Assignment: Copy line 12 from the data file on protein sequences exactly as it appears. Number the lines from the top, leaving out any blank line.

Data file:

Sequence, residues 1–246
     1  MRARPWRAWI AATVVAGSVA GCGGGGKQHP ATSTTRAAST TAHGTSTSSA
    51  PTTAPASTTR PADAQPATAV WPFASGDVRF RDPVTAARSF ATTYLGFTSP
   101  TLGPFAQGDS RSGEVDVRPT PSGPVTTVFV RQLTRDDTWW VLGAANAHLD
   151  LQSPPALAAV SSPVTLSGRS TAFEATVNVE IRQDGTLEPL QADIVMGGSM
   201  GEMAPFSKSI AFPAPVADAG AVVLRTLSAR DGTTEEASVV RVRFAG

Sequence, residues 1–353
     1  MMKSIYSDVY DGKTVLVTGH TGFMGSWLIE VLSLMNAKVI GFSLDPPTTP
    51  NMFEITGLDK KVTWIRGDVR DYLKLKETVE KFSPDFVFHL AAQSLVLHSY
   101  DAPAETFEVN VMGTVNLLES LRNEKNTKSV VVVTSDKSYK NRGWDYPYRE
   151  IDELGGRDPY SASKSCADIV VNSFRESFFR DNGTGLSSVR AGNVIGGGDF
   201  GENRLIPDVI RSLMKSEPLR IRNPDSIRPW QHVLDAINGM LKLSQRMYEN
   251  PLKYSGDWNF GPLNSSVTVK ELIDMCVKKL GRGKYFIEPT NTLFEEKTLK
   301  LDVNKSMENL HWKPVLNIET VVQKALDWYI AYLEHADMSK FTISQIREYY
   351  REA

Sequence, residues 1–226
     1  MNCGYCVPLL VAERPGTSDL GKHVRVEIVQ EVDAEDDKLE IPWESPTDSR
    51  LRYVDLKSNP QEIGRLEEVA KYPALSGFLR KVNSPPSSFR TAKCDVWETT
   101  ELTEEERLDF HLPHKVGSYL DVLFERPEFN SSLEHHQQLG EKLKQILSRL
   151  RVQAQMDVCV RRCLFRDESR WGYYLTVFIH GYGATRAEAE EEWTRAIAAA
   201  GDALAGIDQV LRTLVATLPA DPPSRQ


   201  GENRLIPDVI RSLMKSEPLR IRNPDSIRPW QHVLDAINGM LKLSQRMYEN